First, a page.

Why Prince Charles won't live in Buckingham palace when he's crowned king

Prince Philip and Prince Charles
Prince Philip and Prince Charles Reuters

Prince Charles may not use the Buckingham Palace as his official residence and office after he is crowned king.

In the book "The Duchess," royal author Penny Junor said that for over a hundred years, the Buckingham Palace has been the official residence of the sovereign when he or she is in London.

"The Queen and Prince Philip were forced to give up Clarence House and move across the park when her father died, but she was very young and had a forceful Prime Minister in Winston Churchill, and was not in a position to protest. Charles, approaching 70, is not likely to be such a pushover," she said.

According to Junor, Prince Charles and his wife, Camilla Parker Bowles, are very happy at Clarence House, and they have also made the private quarters their official residence.

Another reason why Prince Charles might not want to stay at the Buckingham Palace when he's king is that the property is already crumbling on the inside.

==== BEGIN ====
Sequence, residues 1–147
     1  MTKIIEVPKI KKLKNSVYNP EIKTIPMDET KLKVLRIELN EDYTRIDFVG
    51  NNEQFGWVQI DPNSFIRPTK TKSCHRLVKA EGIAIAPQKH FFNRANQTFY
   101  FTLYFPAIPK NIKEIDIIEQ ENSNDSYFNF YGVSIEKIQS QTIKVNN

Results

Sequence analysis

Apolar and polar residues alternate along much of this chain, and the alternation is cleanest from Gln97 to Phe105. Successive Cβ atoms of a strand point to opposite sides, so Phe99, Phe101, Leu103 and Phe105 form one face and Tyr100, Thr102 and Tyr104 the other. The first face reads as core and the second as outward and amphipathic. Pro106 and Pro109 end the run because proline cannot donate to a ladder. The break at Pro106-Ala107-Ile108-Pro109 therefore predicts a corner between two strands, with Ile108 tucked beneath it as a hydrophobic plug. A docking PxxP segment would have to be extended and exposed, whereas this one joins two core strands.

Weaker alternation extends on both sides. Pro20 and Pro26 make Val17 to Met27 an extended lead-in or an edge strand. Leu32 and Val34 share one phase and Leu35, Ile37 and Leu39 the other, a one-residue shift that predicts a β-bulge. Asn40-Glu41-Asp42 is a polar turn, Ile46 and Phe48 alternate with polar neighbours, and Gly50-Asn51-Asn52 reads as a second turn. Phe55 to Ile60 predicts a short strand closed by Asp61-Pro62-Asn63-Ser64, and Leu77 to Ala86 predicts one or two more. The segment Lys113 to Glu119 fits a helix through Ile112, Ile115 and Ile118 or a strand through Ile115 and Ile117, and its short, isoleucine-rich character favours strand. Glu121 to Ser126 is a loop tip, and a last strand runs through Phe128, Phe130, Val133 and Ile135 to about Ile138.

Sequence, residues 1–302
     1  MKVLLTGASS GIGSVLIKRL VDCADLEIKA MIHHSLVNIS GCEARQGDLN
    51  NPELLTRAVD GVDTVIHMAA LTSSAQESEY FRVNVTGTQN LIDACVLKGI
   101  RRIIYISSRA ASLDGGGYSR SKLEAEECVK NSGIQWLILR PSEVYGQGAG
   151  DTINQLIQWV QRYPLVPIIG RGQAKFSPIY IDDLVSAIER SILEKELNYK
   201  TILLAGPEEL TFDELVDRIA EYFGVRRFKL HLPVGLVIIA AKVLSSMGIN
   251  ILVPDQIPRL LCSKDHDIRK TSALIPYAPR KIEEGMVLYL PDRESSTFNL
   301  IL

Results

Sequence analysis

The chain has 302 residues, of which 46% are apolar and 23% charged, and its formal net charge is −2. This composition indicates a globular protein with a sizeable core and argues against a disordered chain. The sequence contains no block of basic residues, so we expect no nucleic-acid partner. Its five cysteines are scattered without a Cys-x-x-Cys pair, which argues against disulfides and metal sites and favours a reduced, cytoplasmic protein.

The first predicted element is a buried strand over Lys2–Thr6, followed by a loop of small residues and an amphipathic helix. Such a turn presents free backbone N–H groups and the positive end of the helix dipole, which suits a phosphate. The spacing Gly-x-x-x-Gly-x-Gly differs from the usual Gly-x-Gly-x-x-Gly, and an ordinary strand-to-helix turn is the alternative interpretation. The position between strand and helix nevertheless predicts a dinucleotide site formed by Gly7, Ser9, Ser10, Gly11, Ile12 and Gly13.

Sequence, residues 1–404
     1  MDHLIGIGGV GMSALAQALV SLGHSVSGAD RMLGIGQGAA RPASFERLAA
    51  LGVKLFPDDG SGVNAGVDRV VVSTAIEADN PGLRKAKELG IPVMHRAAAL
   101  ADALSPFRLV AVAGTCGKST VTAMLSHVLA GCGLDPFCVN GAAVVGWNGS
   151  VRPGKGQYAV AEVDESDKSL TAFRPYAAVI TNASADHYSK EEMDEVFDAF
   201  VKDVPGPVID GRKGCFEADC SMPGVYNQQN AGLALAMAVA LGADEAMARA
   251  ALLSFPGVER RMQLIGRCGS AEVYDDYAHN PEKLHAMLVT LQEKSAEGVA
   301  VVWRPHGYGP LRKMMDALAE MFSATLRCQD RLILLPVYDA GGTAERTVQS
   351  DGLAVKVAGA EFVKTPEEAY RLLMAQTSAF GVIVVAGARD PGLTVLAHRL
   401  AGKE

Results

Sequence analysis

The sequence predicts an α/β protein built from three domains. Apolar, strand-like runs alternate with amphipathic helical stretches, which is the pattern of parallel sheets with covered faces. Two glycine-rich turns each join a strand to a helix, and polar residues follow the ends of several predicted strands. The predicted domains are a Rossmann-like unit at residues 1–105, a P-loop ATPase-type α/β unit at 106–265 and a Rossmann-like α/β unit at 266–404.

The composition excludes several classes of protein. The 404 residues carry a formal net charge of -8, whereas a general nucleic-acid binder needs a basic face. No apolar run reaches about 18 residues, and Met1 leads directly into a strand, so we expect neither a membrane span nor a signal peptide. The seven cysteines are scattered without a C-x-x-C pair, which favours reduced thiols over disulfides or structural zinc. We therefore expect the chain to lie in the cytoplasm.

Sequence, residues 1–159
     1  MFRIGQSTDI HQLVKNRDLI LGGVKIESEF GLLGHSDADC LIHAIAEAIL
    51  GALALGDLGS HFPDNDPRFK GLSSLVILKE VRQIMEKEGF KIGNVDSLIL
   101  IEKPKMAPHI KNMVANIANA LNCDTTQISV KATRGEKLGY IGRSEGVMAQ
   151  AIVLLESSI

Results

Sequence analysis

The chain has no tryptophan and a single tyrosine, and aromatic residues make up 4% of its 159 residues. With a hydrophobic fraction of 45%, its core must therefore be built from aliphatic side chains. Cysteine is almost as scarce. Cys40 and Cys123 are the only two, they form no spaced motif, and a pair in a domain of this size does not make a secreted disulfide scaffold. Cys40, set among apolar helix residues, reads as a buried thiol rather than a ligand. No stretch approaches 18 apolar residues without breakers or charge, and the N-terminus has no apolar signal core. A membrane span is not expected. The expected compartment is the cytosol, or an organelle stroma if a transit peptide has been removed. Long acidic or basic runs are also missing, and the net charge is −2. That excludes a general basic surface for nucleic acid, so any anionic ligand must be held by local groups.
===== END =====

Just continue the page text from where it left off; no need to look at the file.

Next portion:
BBC royal correspondent Sarah Campbell said, "This year we found there had been a 41 percent increase in spending, much of that is to do actually with a 10-year-long project to do with Buckingham Palace. Although from the outside it looks very grand, actually inside it's crumbling."

Meanwhile, Prince Charles also adores the beloved estate Highgrove. When his eldest son, Prince William, becomes the Prince of Wales, the property will be given to him and his family. But at present, Prince William and Kate Middleton enjoy spending time with their three children at Anmer Hall in Norfolk.

Prince Harry and Meghan Markle, on the other hand, are currently residing at Frogmore Cottage. The five-bedroom property was recently renovated, and the cost of the renovations has shocked royal experts.

The Duke and Duchess of Sussex spent over $3 million to renovate the interior of the cottage that was given to them by Queen Elizabeth II after their royal wedding.

This article was first published in IBTimes US. Permission required for reproduction.